The Indianapolis-based foundation has been conducting these state opinion surveys for a long time, and somehow they never fail to find strong support for vouchers. Researchers Jon Lorence and Gary Miron analyzed 10 of the Friedman Foundation surveys several years ago and concluded they were plagued with questionable sampling techniques, biased questions and other problems.
“Contrary to the authors’ claims, the data provide little evidence that state public officials will increase their electability by supporting school choice policies,” they wrote in a review for the pro-public education National Education Policy Center. Continue reading
Organizers of the Seven Oaks Classical School in Monroe County went shopping for a friendly authorizer and found one. Grace College and Theological Seminary, a small Christian school in northern Indiana, agreed this month to approve the charter school.
But Seven Oaks has work to do before it can open. For one thing, it needs a suitable facility. It’s looking to buy or lease and renovate a building in Bloomington, according to a news release.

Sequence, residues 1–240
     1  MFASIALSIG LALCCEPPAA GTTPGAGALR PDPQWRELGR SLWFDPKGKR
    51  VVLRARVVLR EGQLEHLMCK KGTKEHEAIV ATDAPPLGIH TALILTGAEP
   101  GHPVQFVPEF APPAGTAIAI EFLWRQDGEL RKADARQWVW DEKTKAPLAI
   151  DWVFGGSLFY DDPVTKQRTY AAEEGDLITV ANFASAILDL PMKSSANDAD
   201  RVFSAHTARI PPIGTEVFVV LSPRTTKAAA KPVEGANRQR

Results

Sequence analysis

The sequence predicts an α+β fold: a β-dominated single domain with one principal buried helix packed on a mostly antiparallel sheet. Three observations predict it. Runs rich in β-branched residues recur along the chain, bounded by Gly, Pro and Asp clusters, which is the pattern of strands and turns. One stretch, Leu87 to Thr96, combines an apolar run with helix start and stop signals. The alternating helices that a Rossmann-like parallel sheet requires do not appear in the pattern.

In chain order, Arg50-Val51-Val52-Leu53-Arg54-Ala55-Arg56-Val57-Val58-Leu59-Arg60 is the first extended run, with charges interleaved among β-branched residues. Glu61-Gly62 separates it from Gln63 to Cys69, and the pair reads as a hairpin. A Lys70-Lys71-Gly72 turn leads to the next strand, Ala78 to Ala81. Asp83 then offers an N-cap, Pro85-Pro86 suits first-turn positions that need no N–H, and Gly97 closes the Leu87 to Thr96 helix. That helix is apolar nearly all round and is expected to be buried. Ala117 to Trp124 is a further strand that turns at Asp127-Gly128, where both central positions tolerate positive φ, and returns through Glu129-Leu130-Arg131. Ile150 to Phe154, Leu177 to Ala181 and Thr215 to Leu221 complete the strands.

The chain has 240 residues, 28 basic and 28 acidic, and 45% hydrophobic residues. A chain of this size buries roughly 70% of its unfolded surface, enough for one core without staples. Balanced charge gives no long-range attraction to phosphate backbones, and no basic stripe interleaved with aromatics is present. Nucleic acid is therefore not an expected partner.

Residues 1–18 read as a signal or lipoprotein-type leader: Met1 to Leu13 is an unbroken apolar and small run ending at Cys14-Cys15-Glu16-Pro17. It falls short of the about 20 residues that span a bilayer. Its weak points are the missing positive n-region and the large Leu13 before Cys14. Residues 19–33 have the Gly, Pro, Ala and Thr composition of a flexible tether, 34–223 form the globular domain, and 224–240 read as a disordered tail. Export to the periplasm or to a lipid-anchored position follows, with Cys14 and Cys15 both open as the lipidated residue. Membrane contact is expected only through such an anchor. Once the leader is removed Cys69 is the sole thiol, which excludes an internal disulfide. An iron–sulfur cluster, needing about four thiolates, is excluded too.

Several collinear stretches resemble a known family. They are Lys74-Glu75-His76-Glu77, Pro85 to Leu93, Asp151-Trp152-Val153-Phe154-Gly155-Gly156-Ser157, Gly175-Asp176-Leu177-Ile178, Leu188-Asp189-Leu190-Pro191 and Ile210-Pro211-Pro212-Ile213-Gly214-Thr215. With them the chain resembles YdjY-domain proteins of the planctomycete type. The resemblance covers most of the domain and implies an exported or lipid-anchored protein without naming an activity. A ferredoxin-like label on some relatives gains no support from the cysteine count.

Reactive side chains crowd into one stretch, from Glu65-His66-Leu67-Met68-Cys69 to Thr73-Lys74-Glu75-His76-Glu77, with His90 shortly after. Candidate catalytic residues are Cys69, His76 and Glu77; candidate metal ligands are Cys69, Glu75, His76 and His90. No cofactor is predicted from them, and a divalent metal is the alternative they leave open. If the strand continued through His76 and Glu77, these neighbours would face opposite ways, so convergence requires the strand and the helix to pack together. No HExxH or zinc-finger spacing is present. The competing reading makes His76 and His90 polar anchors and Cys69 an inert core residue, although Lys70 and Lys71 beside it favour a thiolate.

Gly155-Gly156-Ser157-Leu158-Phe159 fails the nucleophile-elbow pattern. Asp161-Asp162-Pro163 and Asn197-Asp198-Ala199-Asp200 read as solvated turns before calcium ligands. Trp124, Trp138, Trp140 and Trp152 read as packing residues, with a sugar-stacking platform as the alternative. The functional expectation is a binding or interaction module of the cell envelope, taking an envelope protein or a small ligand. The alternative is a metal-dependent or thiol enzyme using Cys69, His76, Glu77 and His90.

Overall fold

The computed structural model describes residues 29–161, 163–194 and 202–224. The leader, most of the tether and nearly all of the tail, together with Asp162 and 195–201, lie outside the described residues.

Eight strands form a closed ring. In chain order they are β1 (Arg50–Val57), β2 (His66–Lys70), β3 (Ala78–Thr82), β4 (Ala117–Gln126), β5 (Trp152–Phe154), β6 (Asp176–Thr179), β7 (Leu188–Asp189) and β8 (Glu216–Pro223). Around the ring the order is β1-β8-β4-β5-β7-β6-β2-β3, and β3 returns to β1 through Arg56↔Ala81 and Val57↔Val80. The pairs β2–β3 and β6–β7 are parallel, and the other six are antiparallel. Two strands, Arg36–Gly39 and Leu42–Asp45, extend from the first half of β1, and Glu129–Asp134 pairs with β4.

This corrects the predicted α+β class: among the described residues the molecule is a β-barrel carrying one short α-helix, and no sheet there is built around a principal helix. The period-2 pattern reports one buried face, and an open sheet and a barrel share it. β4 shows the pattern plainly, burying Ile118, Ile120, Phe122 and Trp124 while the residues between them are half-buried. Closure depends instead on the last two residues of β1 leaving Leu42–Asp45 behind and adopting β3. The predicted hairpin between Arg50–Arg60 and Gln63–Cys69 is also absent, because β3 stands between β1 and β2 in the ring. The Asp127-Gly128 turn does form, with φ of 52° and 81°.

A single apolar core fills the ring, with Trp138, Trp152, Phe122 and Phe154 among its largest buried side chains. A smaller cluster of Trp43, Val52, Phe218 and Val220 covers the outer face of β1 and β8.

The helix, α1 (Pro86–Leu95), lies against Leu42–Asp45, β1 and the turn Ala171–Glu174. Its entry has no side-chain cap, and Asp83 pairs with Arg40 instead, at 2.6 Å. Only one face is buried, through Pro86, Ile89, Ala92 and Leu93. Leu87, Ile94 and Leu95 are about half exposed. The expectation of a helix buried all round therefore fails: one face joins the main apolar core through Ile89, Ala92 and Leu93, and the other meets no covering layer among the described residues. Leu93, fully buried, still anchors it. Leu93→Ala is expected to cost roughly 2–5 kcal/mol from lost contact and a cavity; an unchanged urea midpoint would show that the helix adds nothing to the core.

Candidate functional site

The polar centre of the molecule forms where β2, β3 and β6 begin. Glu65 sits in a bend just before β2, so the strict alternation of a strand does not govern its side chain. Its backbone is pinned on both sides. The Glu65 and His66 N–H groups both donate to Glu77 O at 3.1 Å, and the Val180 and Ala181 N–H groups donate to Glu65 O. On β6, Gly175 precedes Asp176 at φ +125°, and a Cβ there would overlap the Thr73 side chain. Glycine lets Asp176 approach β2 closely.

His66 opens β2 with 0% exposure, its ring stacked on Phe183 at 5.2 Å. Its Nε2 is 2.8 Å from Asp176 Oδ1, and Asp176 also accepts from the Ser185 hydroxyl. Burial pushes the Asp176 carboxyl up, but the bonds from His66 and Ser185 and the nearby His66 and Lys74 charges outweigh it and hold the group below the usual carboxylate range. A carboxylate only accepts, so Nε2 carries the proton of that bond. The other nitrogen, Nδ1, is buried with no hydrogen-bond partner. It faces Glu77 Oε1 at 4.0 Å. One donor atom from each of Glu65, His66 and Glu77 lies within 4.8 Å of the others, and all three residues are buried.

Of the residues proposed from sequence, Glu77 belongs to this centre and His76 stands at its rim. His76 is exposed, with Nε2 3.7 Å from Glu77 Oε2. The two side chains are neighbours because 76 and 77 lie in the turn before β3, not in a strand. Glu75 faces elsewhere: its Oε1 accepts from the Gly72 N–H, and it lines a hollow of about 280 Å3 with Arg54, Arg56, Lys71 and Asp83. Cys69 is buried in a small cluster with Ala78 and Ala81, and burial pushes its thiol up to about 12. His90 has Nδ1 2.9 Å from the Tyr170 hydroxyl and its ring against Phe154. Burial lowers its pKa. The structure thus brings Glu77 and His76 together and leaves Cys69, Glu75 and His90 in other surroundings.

The board also has to work through a 10-page checklist of items to the satisfaction of Grace College, including details about school governance, financial management, curriculum and other matters. And it needs to hire staff, including a head of school, and recruit and enroll students.
So the school may open this August, as organizers hope, but it will be a scramble. It will probably require leaning heavily on Hillsdale College’s Barney Charter School Initiative and/or the school management firm Indiana Charters, both identified as partners in the Seven Oaks application.
In fact, the charter – the written contract that spells out the duties of Seven Oaks and the authorizer – hasn’t yet been completed, Grace College public relations director Amanda Banks said. No decision has yet been made on whether Grace will collect the 3-percent administrative fee that state law allows charter authorizers, she said; that provision will be part of the charter, when it’s completed.
Indiana lawmakers are rushing to prevent schools from getting lower accountability grades as a result of this year’s big drop in ISTEP scores. But in their haste, they are making a serious mistake.
Senate Bill 200, which they are about to pass, says schools’ grades for 2014-15 can’t be any lower than their 2013-14 grades. The new grades are set to be issued this month by the State Board of Education.